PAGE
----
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Dr. Bunge

Research Interests









"An Interview with
Marc Buoniconti"

"A Love Affair
with Science"


"Feted for Her Many


Contact Information


The Miami Project
to Cure Paralysis


1095 NW 14th Terrace


Locator Code R-48


Miami, Florida 33136



Tel:  (305) 243-8185
Fax: (305) 243-3923


Home > Our Research Faculty > Mary Bartlett Bunge, Ph.D.



Christine E. Lynn Distinguished Professor in Neuroscience

Professor, Cell Biology & Anatomy, Neurological Surgery and Neurology



Development of Combination Strategies to Repair the Injured Spinal Cord


Research Interests

Mary Bartlett Bunge, Ph.D.


The goal in my laboratory is primarily to foster regeneration of axons across and beyond the area of injury. This has been an objective since moving to Miami in 1989. To improve regeneration of axons after spinal cord injury, we are investigating increases in cyclic AMP levels, interference with proteoglycans (molecules that inhibit axonal growth), transplantation of Schwann cells and/or olfactory ensheathing glia, and genetic engineering of these cells before transplantation to improve their neurotrophic factor-secreting capability. We have also initiated a new microarray study to explore gene differences between neurons that are able to regrow onto a cellular bridge placed in the area of injury and those that do not grow onto the bridge. Because the reactions of the tissue to spinal cord injury are many and varied, I espouse the concept that a combination strategy will be necessary to adequately improve outcome after spinal cord injury.


A main contribution of my laboratory has been to introduce the novel use of a cellular (Schwann cell) bridge across a complete transection gap in the adult rat spinal cord. We have tried a number of combination strategies, and the spinal cord injured animal has improved. For example, when neurotrophins, brain-derived neurotrophic factor and neurotrophin-3, are introduced along with Schwann cell bridges, there are more regrowing fibers on the bridge and there is an increased variety of fibers on the bridge, including some from distant neuronal somata positioned in the brain stem. Fibers also exit the bridge after a combination strategy, such as the transplantation of olfactory ensheathing glia at either end of the Schwann cell bridge. This combination also led to long-distance axonal regeneration in the adult rat spinal cord. We also have tested combination strategies in a spinal cord contusion model. We have demonstrated that a combination strategy with either lesion model is consistently more effective than transplanting Schwann cells alone. Also, more recent studies have been initiated to assess transplanted Schwann cell survival, and how to improve it, and to investigate modes of presenting the Schwann cells in the spinal cord from a bioengineering perspective.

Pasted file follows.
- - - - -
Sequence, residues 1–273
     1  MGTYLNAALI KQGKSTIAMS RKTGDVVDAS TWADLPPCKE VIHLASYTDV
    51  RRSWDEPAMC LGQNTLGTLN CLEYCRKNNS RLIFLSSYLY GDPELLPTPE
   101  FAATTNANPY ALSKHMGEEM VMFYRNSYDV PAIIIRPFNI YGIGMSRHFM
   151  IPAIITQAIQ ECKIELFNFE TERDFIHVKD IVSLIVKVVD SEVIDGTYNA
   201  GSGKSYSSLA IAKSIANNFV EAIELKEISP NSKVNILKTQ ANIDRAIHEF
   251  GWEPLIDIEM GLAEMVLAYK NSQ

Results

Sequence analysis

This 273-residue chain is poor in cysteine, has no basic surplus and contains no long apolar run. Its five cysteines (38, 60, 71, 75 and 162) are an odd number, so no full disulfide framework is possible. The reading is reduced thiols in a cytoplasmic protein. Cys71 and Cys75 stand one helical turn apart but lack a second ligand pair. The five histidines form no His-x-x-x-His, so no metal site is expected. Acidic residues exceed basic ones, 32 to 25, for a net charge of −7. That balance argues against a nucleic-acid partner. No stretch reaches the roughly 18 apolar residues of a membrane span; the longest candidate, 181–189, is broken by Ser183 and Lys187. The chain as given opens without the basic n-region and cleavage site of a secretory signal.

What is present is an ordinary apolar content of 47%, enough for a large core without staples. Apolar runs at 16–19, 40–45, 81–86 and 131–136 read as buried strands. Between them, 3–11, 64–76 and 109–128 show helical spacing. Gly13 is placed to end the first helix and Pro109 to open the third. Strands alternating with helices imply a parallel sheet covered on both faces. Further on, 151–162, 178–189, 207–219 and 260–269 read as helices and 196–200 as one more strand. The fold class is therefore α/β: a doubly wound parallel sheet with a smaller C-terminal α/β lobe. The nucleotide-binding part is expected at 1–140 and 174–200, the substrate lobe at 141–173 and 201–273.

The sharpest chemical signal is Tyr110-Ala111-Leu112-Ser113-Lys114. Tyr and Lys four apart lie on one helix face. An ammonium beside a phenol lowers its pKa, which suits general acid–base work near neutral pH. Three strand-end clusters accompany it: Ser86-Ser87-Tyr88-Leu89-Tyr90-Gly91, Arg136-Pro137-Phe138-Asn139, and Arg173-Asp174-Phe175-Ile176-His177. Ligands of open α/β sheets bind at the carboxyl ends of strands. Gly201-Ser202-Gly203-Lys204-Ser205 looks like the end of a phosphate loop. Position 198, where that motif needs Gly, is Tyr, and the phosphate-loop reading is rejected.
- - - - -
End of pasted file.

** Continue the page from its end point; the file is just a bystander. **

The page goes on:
Interview with Marc Buoniconti, President, The Miami Project to Cure Paralysis

Today I am going to share portions of a recent question and answer session with Dr. Mary Bartlett Bunge. As often happens when I get together with her, our discussions go on for a while so I am including only a portion here. In the near future, I will write up and share additional excerpts. Since joining our team in 1989 with her late husband and former scientific director, Richard P. Bunge, she has been a research superstar for The Miami Project. She has spent much of her career working with Schwann cells, and it is a discovery that she and Dr. Damien Pearse reported in 2004 that is the impetus for our application to the FDA for our first ever clinical trial involving Schwann cell transplantation.


MARC: We all know that you are a highly accomplished neuroscientist, but can you tell us what made you want to become a scientist in the first place?